Create and Modify Areas and Iterations
To group work items by product, functional, or feature area, you define area paths. To group work into sprints, milestones, or time periods in which they’ll be worked on, you define iteration paths. To restrict access to a group of work items, you can use either area or iteration paths. The procedures to create and modify area and iteration paths in a team project are the same when working in Visual Studio Online and Team Foundation Server (TFS). If you need to create a team project, go here.
Area and iteration paths are useful for generating queries and also support key functions of the Agile planning tools. A team’s default area path is used to filter the backlog items for each team’s backlog pages. Work items created using Agile planning tools auto-assign the area and iteration paths based on team defaults. Many artifacts provided by the default process templates use the iterations to organize work and display team progress.
In addition, the default method for creating teams associates each team with a default area path. If your organization has several teams that work from a common backlog and across many product areas, might may want to use a custom field to represent teams. To support this configuration, see Customize a team project to support team fields.
You must be a member of the team for which you want to modify areas and iterations. All team members can choose iterations for the team, specify areas for the team, and specify dates for the iterations for the team.
To create areas or iterations, you must either be a member of the Project Administrators group or your Create and order child nodes, Delete this node, and Edit this node permissions must be set to Allow for the area or iteration node that you want to modify. For more information, see Change permission levels.
You use the context menu for areas to add, edit, or delete child nodes, to set permissions on who can modify work items under a node, to set a default area for a team, and to exclude subareas.
To add an area or subarea
From your team project page in Team Web Access (TWA), open the administration page.
To learn more about connecting to TWA, go here.
Open Areas. Most teams are associated with a default area path.
The default area path is used to filter the backlog items for the team project backlog pages.
To add a new area or subarea, do one of the following:
To create a subarea, choose New Area.
To create an area that is a child of an existing area, highlight that area, choose the context icon for the area, and then choose New Child.
To create an area that is a peer of an existing area, highlight that area, choose the down arrow next to that area, and then choose New.
The Create Area window opens.
In the Create Area window, specify the Area Name, and then choose Save and Close.
To specify an area as the default area for a team or team project
Continuing from the previous procedure with the Areas page displayed, choose the set default link for the area that you want to be the default.
All new work items will automatically be set to the default area path.
To view and specify iterations for a team
Open the home page for the team, and then choose Configure schedule and iterations.
The Iterations window opens.
In the Iterations list, view the iterations selected for your team. Iterations selected for your team will have a check box selected by the iteration name.
By default, all iterations for a team project will be displayed. To view only the iterations selected for your team, next to Show, choose all to toggle the selection to selected only.
To specify an iteration or sub-iteration for a team, select the check box next to that iteration or sub-iteration. If you choose an iteration, all sub-iterations will not be selectable. If you want to use the sub-iterations, clear the check box for the iteration, and then select the check boxes for the sub-iterations you want to use for your team.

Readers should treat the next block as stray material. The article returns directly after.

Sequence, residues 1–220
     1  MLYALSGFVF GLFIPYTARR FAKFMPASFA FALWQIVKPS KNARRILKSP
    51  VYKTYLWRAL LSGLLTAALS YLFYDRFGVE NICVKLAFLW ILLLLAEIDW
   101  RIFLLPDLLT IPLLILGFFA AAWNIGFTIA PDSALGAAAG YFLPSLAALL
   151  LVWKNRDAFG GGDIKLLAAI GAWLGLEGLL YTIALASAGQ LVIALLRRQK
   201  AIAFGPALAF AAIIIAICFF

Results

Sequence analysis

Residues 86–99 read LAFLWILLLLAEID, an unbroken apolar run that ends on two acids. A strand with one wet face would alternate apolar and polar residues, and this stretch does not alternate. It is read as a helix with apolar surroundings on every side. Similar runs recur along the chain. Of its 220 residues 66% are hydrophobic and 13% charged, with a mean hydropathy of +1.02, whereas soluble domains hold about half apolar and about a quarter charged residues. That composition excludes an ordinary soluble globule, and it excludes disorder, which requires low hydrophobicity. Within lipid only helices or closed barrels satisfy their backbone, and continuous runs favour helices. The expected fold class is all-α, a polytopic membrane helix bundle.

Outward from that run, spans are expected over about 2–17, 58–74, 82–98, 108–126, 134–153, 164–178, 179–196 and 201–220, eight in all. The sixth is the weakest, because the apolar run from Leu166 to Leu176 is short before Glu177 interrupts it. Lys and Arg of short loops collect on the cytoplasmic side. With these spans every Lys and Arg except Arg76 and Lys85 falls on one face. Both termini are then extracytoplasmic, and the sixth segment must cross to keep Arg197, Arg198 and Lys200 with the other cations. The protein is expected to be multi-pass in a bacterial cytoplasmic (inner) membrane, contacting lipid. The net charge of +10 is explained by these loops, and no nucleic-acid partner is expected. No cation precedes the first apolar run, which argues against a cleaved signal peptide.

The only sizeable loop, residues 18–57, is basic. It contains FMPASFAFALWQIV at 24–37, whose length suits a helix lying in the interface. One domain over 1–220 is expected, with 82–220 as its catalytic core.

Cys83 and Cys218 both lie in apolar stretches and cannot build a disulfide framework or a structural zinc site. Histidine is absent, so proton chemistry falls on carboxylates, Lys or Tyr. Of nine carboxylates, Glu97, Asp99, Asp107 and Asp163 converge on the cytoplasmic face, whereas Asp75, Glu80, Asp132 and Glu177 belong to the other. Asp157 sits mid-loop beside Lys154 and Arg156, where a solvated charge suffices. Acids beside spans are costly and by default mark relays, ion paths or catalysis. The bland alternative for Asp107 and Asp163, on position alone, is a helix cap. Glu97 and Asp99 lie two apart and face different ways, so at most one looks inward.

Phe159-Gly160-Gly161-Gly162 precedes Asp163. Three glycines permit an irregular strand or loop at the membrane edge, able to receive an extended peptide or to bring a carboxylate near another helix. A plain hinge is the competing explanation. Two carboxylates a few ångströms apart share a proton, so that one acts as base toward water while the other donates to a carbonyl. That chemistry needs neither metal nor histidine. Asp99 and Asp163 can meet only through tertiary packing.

To add an iteration or sub-iteration
Continuing from the previous procedure with the Iterations window displayed, do one of the following:
To create an iteration, choose New Iteration. A new iteration will be created that is a peer to the other iterations in the list.
The Create Iteration window opens.
To create an iteration that is a child of an existing iteration, highlight that iteration, choose the context menu next to that area, and then choose New Child.
To create an iteration that is a peer of an existing area, highlight that iteration, choose the context menu next to that iteration, and then choose New.
The Create Iteration window opens.
In the Create Iteration window for Iteration Name, specify a name for the iteration. Optionally specify start and end dates for the iteration either by typing them in the text boxes for Start Date and End Date, or by choosing the calendar icon and then specifying the dates within the calendar window. If you are creating an iteration in a different location from the default, specify a different location for the iteration in Location, and then choose Save and Close.
To specify dates for an iteration
Continuing from the previous procedure with the Iterations window displayed, highlight the iteration for which you want to specify dates, and then choose set dates.
The Edit Iteration window opens.
Specify start and end dates for the iteration either by entering them in the text boxes for Start Date and End Date, or by choosing the calendar icon and then selecting the dates within the calendar window. Then choose Save and Close.
By assigning permissions, you can scope the set of actions that users or groups can perform on work items or test plans that are assigned to an area. You can also restrict or allow users or groups to manage the project structure for an area or iteration.
To control access to an area
The Permissions window appears for the node you selected, as the following illustration shows:
Choose the name of a group or user whose permissions you want to set.
You can add users or groups and then set the permission to allow or deny for each user or group. Specifically, you can grant or deny permission to manage the structure of a node, and for area paths, to view or modify work items or manage test plans that are assigned under the node.
To change a permission, choose not set, deny or inherited to change it to allow, or choose allow to change it to deny.
Your ability to change a permission will depend on your current permission settings. If you are unable to change a permission, contact your administrator for either the team project or Team Foundation Server.
When you have finished modifying the permissions, choose Save and Close.